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Marie Laveau Voodoo Queen of New Orleans

Updated: November 22, 2022

New Orleans is synonymous with Voodoo and when you think of Voodoo, you think of Marie Laveau.

The so-called Voodoo Queen, Marie Laveau is arguably the most famous person to be associated with that religion and yet we know very little about her.

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Marie Laveau was born in September of 1801 to Marguerite Henry and Charles Laveau.

Her St. Louis Cathedral baptismal record states that she was born a free mulatto.

She is more legend than fact, shrouded in mystery and myth. Perhaps that is part of her appeal.

Despite the fact that subsequent accounts have portrayed her father as a white man, he was a well-to-do free man of color.

There was a large population of free people of color in New Orleans.

Madame Laveau most likely spent her childhood in a cottage, located at the present site of 1020 and 1022 St. Ann Street in the French Quarter and on the property that her maternal grandmother purchased in 1798.

From this location, she would have been within sight of what is now Armstrong Park, where enslaved Africans gathered every Sunday to sing, dance, drum, and engage in other African instrumentation.

One cannot help but assume that witnessing such events would have greatly impacted her formative years.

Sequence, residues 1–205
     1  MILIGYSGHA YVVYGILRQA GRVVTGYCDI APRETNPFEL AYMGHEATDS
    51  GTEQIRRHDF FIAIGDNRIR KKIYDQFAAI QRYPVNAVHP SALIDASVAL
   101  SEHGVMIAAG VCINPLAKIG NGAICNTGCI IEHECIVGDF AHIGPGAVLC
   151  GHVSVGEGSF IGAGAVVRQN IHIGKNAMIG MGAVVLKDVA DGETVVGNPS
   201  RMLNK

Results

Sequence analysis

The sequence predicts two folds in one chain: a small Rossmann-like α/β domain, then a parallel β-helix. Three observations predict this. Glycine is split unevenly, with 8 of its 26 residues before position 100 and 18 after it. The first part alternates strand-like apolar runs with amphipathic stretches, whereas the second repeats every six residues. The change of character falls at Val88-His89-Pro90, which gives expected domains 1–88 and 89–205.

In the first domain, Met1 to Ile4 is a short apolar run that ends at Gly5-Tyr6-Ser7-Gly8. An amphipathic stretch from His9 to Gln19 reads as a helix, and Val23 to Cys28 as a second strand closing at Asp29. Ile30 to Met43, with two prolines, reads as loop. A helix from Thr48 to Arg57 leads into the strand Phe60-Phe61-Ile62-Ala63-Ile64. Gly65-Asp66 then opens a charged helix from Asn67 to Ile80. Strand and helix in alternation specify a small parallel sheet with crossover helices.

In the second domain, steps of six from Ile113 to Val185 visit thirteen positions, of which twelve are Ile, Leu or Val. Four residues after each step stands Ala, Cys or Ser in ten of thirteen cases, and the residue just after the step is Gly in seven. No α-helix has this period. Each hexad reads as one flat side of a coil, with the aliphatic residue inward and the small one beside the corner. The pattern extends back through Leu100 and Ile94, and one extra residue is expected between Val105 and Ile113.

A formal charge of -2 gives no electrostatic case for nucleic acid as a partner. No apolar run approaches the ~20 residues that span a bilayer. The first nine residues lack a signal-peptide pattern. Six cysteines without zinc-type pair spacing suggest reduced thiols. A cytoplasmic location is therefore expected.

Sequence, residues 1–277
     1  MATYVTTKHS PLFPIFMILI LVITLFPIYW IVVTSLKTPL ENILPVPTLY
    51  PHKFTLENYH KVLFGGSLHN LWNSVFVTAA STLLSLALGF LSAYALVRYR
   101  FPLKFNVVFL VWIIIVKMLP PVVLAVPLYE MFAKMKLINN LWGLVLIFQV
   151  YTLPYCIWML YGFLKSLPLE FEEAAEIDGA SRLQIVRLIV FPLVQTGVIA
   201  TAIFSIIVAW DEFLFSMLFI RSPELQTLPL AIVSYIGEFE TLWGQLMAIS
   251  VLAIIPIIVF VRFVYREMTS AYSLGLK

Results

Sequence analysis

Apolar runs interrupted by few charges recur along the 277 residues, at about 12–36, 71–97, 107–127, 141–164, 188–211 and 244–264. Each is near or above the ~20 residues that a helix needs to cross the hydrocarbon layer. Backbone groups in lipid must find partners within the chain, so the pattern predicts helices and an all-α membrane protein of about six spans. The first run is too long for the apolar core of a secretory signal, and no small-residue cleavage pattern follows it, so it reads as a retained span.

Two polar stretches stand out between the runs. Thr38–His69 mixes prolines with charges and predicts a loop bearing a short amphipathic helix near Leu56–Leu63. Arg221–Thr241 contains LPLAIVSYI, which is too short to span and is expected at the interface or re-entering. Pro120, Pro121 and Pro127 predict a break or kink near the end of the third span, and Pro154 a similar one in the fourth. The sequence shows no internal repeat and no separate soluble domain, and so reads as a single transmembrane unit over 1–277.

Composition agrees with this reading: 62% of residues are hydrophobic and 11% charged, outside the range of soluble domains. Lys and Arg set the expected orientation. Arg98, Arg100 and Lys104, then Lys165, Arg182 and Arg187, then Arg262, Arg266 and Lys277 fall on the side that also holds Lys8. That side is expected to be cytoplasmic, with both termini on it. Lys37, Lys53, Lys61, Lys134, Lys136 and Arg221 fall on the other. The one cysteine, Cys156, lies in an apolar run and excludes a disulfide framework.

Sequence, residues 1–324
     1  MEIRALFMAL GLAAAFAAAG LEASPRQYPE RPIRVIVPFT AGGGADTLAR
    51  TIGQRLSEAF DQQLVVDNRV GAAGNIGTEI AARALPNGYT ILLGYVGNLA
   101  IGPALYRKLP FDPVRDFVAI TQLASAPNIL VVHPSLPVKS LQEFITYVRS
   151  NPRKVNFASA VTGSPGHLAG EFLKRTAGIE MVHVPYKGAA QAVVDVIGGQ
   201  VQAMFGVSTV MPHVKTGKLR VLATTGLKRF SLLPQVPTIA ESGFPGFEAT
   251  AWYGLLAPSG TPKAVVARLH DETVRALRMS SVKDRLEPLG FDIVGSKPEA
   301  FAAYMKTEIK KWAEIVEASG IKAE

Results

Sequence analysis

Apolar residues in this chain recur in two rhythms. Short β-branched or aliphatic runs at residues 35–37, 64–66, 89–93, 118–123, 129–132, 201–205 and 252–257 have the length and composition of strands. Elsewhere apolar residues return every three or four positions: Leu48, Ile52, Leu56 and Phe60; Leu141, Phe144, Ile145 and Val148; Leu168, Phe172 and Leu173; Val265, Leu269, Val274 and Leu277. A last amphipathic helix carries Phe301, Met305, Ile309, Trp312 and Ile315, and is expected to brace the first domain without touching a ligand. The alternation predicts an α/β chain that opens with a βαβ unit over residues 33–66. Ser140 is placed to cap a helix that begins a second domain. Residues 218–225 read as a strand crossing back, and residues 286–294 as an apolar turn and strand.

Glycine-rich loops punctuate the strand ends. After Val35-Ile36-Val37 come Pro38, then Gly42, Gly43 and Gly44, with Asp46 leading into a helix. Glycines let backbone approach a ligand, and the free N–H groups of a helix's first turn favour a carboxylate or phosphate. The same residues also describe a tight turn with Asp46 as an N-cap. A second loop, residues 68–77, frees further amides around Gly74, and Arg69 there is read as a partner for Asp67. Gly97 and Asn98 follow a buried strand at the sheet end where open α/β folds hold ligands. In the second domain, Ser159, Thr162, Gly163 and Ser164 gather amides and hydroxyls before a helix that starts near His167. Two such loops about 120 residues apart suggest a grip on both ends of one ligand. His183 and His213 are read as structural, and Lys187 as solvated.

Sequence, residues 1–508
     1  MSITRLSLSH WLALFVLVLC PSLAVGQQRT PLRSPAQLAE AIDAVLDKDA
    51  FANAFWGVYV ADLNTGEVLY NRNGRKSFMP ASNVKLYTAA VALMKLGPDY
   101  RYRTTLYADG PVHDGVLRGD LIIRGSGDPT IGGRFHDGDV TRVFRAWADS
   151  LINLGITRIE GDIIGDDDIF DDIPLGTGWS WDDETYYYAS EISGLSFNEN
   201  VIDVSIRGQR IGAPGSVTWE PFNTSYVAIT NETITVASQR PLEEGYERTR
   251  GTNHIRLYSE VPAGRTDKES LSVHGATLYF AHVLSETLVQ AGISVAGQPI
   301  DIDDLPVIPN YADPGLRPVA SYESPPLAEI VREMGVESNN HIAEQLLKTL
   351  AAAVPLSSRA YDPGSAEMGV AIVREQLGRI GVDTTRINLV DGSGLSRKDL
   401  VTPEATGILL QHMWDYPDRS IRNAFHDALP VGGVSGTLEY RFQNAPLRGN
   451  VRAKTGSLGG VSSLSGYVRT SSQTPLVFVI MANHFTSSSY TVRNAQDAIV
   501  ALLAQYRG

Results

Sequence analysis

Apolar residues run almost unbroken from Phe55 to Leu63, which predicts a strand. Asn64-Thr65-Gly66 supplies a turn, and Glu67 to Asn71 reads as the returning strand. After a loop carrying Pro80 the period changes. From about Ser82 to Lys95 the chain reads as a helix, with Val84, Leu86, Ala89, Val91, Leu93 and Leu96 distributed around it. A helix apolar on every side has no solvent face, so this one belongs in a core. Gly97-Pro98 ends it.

In August of 1819, Marie Laveau shows back up in the historic record when at the age of 18, she wed Jacques Paris. The wedding took place in St. Louis Cathedral.

st. louis cathedral

The couple had two children that most likely died in infancy as they disappeared from the historic record.

Sometime between 1822 and 1824, Jacque Paris also disappeared from the record.

There is no official account of his death but the 1824 baptismal record of his second daughter list him as deceased.

Shortly thereafter, Marie Laveau started calling herself the widow Paris and constructed a tomb in St. Louis Cemetery No. 1.

That gravesite has henceforth been known as the widow Paris’ tomb and it is where Marie Laveau is interred. We have the cemetery records confirming that she is indeed interred there.

Marie Laveau's Tomb. Source: Pixabay.

Incidentally, her tomb is the second most visited gravesite in the United States. Only the grave of Elvis Presley gets more visitors each year.

It is believed by some in the Voodoo religion that Marie Laveau has become one of the "egun" or ancestors and can thus aid you in specific areas of your life.

Many visitors leave offerings at her tomb and the site of her former home.

Sometime in the late 1820s, Marie Laveau met and started a relationship with Christophe Glapion and would stay with him until his death in 1855.

Christophe Glapion was a white man and though it was illegal to marry outside of your race, it was not illegal to cohabitate with someone of another race.

Together, they had seven children but only one, Marie Philomene survived her mother.

We know Marie Laveau was a confirmed Catholic because you cannot be buried within a Catholic cemetery without that confirmation.

Voodoo Museum Altar

What we are uncertain of is what she thought about the Catholic faith or how she rectified it with her participation in Voodoo.

Unfortunately, Marie Laveau was illiterate and left no personal accounts behind. We also have no idea how she became involved with Voodoo.